These AI-powered swim goggles are the wave of the future
High-tech gear will help you track your swimming sessions and protect your eyes.
We may earn revenue from the products available on this page and participate in affiliate programs. Learn more ›
The pool swimmer’s routine is one of monotony and repetition: You bounce back and forth, from wall to wall, completing laps. The view doesn’t change, and it’s easy to lose track of how long you’ve been at it. But AI-powered wearable technology can help make the endeavour more interesting and track your laps for you.
Typically, swim monitors reside on your wrist. An Apple Watch will track your performance, as will other wearables, like a Garmin watch. But a new gadget from a Vancouver, Canada company called Form does it differently: with a head-up display right in your goggles.
Slip them on, and simple yellow, pixelated text appears in front of one of your eyes, superimposed over the scene before you. Whether you’re underwater or turning your head for a breath of air, the information floats there. Two buttons on the side let you take actions like selecting the pool size, or actually starting the swim. While you’re swimming, the display allows you to see information like how far how you’ve been going and how many lengths you’ve completed. A companion app provides a place to make more granular changes and see the full results of your swim afterwards.
To create these goggles, the team at Form had to solve two big problems that traditional goggle makers don’t need to worry about.
The first is how to get that futuristic display in front of the swimmer’s eye in the first place. The optical system is powered by a small computer module that’s part of the goggles, and you can decide whether to have the screen over your left eye or right depending on how you put the goggles on (and by choosing within the app). The actual information you see in front of your eye comes from a tiny, .4-inch OLED screen, and then a system of lenses and a mirror actually places that information visually in your field of view. As a result, the data doesn’t block your view (beyond what the text itself is covering up).
The second challenge was how to accurately track the swimming—to calculate the data that the display shows you. While wearables like the Apple Watch use the motion of your wrist as you splash through the water, the goggles have to rely on the motion of your head as you complete strokes like freestyle or breastroke, make turns, and take rests. An accelerometer and gyroscope in the goggles measure your motion, but to know what that sensor data means, the company had to turn to artificial intelligence.
Artificial intelligence and machine learning need data before they can be useful. To gather that data, Form collected information from swimmers who were wearing sensors on their goggles.
“Picking the swimmers is important; you can’t just pick Olympians—you have to do different sessions with different groups of people, many, many times,” says Dan Eisenhardt, the CEO of Form. “It’s a tediously manual process just to collect the data, but then you have to label the data afterwards.”
During development, they used GoPro cameras in the pool to monitor what those athletes were actually doing. That allowed them to match up the sensor data with the ground truth captured by the cameras, so they knew that information from the sensors from specific moments corresponded to actions like a swimmer doing the breaststroke, or just resting at the edge. That allowed them to teach their software: sensor data that looks a certain way represents a specific action in the real world.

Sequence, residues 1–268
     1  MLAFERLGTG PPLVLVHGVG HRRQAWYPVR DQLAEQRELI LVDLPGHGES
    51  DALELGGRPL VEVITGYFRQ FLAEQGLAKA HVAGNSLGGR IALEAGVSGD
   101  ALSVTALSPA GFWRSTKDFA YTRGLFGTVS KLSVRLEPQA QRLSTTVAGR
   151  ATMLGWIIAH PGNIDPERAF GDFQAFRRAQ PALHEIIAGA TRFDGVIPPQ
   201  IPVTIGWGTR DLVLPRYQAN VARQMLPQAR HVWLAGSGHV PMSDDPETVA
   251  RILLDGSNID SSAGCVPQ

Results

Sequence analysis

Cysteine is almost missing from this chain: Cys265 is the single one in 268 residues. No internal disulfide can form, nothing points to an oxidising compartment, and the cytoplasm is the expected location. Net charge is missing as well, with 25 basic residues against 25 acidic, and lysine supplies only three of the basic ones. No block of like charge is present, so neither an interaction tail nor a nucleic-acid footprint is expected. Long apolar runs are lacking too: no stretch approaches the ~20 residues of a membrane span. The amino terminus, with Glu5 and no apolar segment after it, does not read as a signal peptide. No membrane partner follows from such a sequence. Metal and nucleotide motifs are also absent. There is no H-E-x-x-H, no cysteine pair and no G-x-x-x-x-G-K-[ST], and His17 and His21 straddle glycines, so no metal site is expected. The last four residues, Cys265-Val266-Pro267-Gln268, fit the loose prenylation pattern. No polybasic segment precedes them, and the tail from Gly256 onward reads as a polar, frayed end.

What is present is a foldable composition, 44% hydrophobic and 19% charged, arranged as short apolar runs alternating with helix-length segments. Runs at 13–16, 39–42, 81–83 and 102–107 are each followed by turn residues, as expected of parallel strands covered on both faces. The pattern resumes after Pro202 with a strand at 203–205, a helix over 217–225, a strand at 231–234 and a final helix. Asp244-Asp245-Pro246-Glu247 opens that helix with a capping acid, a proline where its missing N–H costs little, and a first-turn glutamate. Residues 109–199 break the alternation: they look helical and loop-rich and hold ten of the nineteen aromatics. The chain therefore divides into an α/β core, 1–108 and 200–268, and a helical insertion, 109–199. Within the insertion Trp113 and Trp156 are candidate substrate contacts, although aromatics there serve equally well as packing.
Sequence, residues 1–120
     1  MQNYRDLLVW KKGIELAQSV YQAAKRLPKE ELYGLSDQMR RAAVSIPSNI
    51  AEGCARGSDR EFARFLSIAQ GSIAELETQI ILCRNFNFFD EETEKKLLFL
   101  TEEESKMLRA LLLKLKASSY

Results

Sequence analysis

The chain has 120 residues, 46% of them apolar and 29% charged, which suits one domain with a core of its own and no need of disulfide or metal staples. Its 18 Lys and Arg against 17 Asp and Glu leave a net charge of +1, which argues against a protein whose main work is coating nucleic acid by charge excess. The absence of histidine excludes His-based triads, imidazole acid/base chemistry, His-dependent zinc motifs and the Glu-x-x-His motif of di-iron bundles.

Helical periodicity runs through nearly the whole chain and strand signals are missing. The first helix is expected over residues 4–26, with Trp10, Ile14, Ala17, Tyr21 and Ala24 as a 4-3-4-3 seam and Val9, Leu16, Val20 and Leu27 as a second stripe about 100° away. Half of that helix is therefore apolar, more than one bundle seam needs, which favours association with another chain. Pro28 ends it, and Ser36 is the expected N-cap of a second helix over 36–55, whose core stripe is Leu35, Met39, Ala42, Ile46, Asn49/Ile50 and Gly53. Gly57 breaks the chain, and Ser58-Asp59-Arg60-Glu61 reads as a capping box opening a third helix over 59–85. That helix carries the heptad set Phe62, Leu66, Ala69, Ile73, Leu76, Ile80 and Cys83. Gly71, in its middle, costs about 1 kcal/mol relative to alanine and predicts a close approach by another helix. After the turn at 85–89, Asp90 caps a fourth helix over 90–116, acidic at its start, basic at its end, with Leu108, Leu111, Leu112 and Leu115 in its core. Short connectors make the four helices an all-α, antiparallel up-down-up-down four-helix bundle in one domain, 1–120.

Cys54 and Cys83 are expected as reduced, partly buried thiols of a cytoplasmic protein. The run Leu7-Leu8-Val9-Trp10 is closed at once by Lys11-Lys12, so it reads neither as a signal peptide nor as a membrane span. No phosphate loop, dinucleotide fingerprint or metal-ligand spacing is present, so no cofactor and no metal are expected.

The result is that the goggles you strap to your head can capture the information they need as you swim, interpret that data using AI, and display some of it in real time in front of your eye. I tested them multiple times, and was impressed with their accuracy.
But if it seems silly to you to use a pair of swim goggles that require charging, syncing with a smartphone, and software updates, the Form gadget isn’t the only game in town for protecting your eyes from chlorinated water.
Nike just released a new high-end competition-level goggle called the Vapor, although they don’t track your swimming, use AI, or have a screen. The goal with them was simple: make a performance goggle that’s also comfortable, says Erika Gentry, the lead gear designer at Nike Swim. The goggles sport a curved polycarbonate lens, a soft silicon strap, and gaskets made from thermoplastic rubber.
Traditionally, she says, goggles designed for competitions have been small, and thus uncomfortable, because they’re placing pressure on a small section of your face. But Nike found that comparatively bigger goggles can be more comfortable and also more efficient in the water.
“The larger a piece of eyewear is on the face, the less drag it creates,” Gentry says. That’s because of the way it occupies the space that the bone structure on your head creates. “If we can fill in the gaps of those orbital bones on your face—essentially making one smooth surface—you’re going to reduce drag more than you would with a little tiny goggle,” she explains.
To develop and test the goggles, Nike used a tool called computational fluid dynamics. In this case, they were simulating water flow over the goggles on a swimmer’s face. The company used the computational tool to explore both how the goggles performed when a virtual swimmer was diving in, and also how they did when moving horizontally through the water doing freestyle, breastroke, or butterfly.
“It really helps us analyze how hydrodynamic the goggle is,” Gentry says. “We did a lot of that testing—we have some pretty thick reports.”
The Nike goggles won’t keep track of your lap count, though. For that, you’ll need a wearable on your wrist, or to keep track of it yourself. Or perhaps you can just zone out and swim.